A correct appreciation of the Gita calls for distinguishing among the terms manushya, nara, purusha, manava. They are not to be all translated indiscriminately as man. Similarly the different cadres of intellectuals have to be distinguished from one another to be able to project their respective approaches correctly. It does not suffice to state that they were all scholars. We have to distinguish among the different levels of charismatic leaders of the social periphery, Isvara, Mahesvara, Lokesvara, Sarvesvara, Paramesvara etc. and not present them all as implying God. It would be advantageous to recognize and outline the methods by which Krshna mobilized the support of the intellectuals and discrete jobless individuals of the social periphery, Budhas and Bhutas. His charismatic relationship with them enabled him to emerge as a great social leader.
The Gita is held by some to have been composed during the fifth century BC after the times of the Buddha. This stand is unacceptable. The Gita was not a religious work intended to counter Buddhism. It was essentially a treatise on how to bring together the different sectors of the larger society including the unattached intellectuals and discrete individual residents who were not members of any of the then existing cadres. The part to be played by the social leaders in this assignment was explained to Arjuna and to his colleagues by Krshna. He recommended resort to Samkhya dialectics and Yoga methods. The Gita is not to be viewed as a work advocating inaction and blind faith in and devotion to a personal god.
It is unfortunate that many modern scholars have not presented the theory of Karmayoga, systematic endeavour, correctly. Some have tried to present this course as training needed for attaining salvation and becoming one with the Almighty God. It was in fact a course meant mainly for the administrators. It was meant for the ruling elite. It could be availed of also by those engaged in economic activities as independent persons or as members of organized groups. The discipline needed for this is expounded in this work. Most modern scholars have hesitated to underline that Krshna had undertaken to create a social order in which all cadres and individuals would be assigned to the appropriate class, varna. He did not rule out the possibility of some criminals being expelled from the society.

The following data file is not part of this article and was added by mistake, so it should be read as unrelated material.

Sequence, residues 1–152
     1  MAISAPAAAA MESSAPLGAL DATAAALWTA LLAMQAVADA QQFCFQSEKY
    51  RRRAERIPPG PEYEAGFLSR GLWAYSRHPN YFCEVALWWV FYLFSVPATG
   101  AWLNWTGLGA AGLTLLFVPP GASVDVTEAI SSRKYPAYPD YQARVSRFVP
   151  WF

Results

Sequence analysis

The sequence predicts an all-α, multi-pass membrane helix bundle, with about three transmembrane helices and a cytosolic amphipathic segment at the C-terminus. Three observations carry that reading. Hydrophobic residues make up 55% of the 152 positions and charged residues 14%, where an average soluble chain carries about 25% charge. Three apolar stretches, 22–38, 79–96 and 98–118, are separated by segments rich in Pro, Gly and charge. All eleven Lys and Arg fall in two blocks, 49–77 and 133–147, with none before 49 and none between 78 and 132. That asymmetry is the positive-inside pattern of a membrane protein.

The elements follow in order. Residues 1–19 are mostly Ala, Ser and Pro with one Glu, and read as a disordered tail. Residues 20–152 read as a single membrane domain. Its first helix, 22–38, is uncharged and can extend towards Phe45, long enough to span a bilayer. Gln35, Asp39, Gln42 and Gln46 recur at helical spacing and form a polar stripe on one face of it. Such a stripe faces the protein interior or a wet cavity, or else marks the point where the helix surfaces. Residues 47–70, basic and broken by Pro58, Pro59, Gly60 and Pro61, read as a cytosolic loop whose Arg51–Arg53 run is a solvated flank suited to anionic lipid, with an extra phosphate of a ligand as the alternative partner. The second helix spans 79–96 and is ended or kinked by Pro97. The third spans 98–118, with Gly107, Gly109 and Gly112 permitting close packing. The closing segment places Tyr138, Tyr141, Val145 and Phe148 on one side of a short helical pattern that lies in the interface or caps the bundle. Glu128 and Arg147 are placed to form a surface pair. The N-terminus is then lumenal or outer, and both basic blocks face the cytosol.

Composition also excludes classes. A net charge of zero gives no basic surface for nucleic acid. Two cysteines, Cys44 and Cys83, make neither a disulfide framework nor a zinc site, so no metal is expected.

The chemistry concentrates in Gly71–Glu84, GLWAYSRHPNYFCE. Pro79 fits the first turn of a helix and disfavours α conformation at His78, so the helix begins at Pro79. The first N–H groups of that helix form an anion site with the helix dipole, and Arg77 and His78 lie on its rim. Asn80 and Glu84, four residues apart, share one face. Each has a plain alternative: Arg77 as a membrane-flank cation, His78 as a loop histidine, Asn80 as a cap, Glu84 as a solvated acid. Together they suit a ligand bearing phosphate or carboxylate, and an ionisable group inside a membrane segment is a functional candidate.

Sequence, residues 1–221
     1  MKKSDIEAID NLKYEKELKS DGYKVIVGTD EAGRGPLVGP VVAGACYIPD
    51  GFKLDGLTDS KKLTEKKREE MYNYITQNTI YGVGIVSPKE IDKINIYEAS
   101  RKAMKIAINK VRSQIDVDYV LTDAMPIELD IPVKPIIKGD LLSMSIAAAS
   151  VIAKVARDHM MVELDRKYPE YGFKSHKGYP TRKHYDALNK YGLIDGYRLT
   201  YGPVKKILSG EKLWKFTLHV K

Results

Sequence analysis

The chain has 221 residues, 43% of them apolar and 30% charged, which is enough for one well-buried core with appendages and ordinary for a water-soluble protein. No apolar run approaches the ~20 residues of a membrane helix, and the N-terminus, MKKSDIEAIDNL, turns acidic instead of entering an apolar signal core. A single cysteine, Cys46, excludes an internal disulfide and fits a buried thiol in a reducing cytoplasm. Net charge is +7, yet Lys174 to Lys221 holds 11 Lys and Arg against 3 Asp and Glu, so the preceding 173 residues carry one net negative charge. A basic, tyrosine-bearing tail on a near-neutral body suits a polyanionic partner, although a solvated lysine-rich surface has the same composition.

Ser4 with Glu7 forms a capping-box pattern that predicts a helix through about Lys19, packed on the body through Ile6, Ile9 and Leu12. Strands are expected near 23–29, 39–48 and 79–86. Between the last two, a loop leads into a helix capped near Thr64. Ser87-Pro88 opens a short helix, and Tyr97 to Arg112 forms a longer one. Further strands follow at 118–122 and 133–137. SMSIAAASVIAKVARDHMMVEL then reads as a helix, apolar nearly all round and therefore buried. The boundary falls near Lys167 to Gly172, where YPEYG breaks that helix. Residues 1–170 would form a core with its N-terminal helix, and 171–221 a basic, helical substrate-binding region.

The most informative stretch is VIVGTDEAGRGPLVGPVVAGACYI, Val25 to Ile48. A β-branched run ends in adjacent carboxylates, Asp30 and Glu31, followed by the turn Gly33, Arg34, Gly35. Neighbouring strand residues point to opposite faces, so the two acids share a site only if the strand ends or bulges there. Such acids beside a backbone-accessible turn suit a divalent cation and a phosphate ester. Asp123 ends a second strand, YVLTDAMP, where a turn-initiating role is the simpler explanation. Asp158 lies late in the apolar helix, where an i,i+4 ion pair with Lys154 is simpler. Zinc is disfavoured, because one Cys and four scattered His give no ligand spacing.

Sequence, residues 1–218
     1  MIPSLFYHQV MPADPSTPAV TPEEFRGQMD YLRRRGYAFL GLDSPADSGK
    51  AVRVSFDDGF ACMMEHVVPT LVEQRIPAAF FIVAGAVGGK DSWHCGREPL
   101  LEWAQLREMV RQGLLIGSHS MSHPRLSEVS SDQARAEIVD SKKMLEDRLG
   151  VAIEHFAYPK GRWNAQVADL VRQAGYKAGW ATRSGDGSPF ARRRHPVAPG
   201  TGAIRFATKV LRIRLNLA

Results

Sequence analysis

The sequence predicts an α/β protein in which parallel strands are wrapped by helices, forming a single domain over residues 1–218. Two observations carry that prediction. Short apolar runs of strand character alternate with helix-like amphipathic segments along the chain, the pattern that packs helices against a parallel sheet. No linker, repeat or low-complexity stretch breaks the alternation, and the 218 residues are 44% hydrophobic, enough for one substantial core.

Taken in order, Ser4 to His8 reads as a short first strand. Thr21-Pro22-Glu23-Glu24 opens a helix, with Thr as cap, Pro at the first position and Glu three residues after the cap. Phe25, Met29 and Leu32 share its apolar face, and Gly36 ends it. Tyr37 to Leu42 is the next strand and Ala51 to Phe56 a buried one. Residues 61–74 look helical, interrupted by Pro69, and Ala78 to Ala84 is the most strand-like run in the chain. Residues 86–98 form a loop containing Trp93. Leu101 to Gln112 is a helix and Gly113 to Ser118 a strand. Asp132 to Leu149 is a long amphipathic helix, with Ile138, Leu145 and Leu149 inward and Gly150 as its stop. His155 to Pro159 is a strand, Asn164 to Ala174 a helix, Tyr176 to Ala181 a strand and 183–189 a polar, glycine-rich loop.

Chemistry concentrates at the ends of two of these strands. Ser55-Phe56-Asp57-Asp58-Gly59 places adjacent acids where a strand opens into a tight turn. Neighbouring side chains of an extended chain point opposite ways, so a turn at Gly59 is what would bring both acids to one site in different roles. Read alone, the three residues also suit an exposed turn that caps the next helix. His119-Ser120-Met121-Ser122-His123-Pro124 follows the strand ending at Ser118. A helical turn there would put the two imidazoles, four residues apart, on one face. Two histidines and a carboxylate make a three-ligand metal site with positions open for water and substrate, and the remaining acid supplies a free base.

How an individual could rise to become a social leader and be revered was pointed out to Arjuna. Some modern scholars who have tended to follow the lines of the medieval theologians and philosophers have neglected this aspect. These theologians had given a wrong twist to the concept of renunciation. Social thinkers and activists would benefit if they understand how Krshna selected and trained his students to become charismatic leaders of the new integrated society. Several sociological concepts native and particular to ancient India are presented, explained, distinguished and discussed in the present work.
A re-interpretation of the ancient Indian works is needed to outline Hindu social dynamics correctly and the place of the Gita in it. Krshna came on the social scene when the Vedic order had become decadent and the intelligentsia incapable of guiding the masses along the proper lines. He proposed to revive the Rajarshi institution that had been proposed first by Samkara. The ruler who was trained to conduct himself as a Rajarshi, a saintly king, and follow this constitution is extolled and recommended by Krshna. Karmayoga, Brahmayoga and Rajayoga are explained to Arjuna even as he had earlier taught Prajapati Vivasvan the sciences of Rajavidya, Rajayoga and Rajaguhya, connected with the administration of the state.